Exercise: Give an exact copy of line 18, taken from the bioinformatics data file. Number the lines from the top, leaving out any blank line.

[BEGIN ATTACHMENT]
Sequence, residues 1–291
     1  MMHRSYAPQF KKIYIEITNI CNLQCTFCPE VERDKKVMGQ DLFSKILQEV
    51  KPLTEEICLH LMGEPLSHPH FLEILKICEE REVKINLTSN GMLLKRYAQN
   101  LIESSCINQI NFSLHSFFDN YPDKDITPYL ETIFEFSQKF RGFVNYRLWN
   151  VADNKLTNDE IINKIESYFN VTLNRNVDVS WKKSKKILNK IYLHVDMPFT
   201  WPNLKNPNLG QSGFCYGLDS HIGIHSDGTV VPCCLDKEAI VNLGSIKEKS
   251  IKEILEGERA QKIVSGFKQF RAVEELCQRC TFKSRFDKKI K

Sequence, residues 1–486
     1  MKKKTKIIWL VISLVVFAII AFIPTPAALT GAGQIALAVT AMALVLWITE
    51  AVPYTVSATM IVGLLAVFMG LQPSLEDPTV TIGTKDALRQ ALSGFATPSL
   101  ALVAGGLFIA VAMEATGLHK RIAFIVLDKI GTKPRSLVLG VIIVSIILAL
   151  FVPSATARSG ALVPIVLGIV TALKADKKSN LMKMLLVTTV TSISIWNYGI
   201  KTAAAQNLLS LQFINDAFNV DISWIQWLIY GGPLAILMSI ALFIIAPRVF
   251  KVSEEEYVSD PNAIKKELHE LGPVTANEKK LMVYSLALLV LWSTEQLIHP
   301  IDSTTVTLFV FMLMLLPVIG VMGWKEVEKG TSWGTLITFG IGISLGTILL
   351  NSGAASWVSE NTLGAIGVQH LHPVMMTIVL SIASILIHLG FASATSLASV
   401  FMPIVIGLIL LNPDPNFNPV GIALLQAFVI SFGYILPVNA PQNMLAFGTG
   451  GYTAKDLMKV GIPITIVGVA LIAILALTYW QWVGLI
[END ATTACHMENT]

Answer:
   451  GYTAKDLMKV GIPITIVGVA LIAILALTYW QWVGLI